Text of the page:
Friday, April 27, 2018

John Low — Rising High in War and Peace

During the Civil War, John S. Low of Carlisle, Pennsylvania, advanced from corporal to captain over the course of three years of heavy combat only to return home, his heroism apparently forgotten, to menial jobs and near penury.  Once more through personal exertion, Low rose significantly in income and local business esteem, in large part by producing a popular whiskey he called “Elk’s Pride.”

Within a week of President Lincoln’s call for 75,000 men to serve for three months at the outset of the conflict, Low, 25 years old, joined a Carlisle troop called the Sumner Rifles and was given the rank of corporal.  His unit ultimately became Company C of the 9th Regiment of Pennsylvania Volunteers, performing garrison duties in Delaware and West Virginia.  When its term of service ended the company returned to Harrisburg to be mustered out.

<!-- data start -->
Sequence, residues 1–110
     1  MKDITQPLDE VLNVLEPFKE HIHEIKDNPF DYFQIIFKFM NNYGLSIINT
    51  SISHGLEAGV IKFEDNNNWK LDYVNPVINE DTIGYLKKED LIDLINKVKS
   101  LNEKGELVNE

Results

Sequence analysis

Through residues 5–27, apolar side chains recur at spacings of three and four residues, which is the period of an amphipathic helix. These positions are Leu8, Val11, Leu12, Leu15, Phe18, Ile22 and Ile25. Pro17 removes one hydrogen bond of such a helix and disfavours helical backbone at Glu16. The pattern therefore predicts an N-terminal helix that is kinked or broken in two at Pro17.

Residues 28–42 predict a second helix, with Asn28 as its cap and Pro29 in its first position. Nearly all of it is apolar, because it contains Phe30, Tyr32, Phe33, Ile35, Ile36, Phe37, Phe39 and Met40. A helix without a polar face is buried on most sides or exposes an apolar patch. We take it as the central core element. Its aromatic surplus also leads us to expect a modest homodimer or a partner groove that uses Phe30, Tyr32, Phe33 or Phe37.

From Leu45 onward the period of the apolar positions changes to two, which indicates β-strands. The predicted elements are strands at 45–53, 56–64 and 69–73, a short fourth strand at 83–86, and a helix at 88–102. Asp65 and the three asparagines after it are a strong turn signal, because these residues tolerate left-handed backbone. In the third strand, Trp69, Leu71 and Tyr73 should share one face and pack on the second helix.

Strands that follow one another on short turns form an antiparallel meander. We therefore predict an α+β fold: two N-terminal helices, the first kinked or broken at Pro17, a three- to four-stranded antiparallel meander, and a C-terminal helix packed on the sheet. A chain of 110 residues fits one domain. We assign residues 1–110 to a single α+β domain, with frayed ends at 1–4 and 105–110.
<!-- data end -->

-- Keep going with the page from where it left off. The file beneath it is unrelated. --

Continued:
Anticipating its end, Low enrolled again at Carlisle and in August 1862, his leadership skills being recognized, he was enlisted in Harrisburg as 2nd lieutenant of Company G, 130th Pennsylvania Volunteer Infantry.  Within a month Low was engaged in hot combat at Antietam, West Virginia, one of the costliest battles of the Civil War.  A monument to the 130th stands today on the Antietam battlefield near the “Bloody Lane” where many Union soldiers fell.

This was just the first fierce fighting for the 130th Pennsylvania as it participated at the Battle of Fredericksburg, Virginia, in December 1862 and at the Battle of Chancellorsville in May 1863.   Meanwhile, Low was being promoted to 1st lieutenant in August 1862 and then to captain in February 1863.  By the time the 130th was mustered out after Chancellorsville, the regiment had lost 92 men during service, four officers and 56 enlisted men killed or fatally wounded;  32 enlisted had died of disease.  Once back in Carlisle, Low headed a home guard company.

None of Low’s Civil War heroics seemed to translate into prosperity.  John had been married with at least two children when he went off to war.  His wife was the former Rebecca Humes, a Carlisle resident and a girl of 19 when they married.  Over the next few years the couple would have five more children.  A history of the First Presbyterian Church reported that Rebecca had six of their children baptized on one day in June 1869.